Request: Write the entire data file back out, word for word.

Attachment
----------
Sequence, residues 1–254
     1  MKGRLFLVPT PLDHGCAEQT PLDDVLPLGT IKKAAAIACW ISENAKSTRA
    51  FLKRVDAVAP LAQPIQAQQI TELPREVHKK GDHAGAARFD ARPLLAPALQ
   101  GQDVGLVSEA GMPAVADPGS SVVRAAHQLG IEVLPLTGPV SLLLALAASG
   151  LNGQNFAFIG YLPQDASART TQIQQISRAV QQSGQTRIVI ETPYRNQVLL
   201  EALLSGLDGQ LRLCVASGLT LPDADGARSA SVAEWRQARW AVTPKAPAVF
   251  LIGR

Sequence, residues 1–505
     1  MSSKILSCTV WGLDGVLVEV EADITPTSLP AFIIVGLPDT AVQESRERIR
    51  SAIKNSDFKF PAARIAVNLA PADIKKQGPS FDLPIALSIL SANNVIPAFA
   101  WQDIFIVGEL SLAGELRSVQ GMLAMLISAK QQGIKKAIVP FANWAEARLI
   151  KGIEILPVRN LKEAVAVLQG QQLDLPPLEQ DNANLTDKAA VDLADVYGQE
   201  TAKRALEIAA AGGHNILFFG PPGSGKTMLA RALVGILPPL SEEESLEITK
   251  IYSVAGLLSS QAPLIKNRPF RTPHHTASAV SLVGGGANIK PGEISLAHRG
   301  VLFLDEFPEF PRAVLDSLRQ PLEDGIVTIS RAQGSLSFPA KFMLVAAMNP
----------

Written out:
Sequence, residues 1–254
     1  MKGRLFLVPT PLDHGCAEQT PLDDVLPLGT IKKAAAIACW ISENAKSTRA
    51  FLKRVDAVAP LAQPIQAQQI TELPREVHKK GDHAGAARFD ARPLLAPALQ
   101  GQDVGLVSEA GMPAVADPGS SVVRAAHQLG IEVLPLTGPV SLLLALAASG
   151  LNGQNFAFIG YLPQDASART TQIQQISRAV QQSGQTRIVI ETPYRNQVLL
   201  EALLSGLDGQ LRLCVASGLT LPDADGARSA SVAEWRQARW AVTPKAPAVF
   251  LIGR

Sequence, residues 1–505
     1  MSSKILSCTV WGLDGVLVEV EADITPTSLP AFIIVGLPDT AVQESRERIR
    51  SAIKNSDFKF PAARIAVNLA PADIKKQGPS FDLPIALSIL SANNVIPAFA
   101  WQDIFIVGEL SLAGELRSVQ GMLAMLISAK QQGIKKAIVP FANWAEARLI
   151  KGIEILPVRN LKEAVAVLQG QQLDLPPLEQ DNANLTDKAA VDLADVYGQE
   201  TAKRALEIAA AGGHNILFFG PPGSGKTMLA RALVGILPPL SEEESLEITK
   251  IYSVAGLLSS QAPLIKNRPF RTPHHTASAV SLVGGGANIK PGEISLAHRG
   301  VLFLDEFPEF PRAVLDSLRQ PLEDGIVTIS RAQGSLSFPA KFMLVAAMNP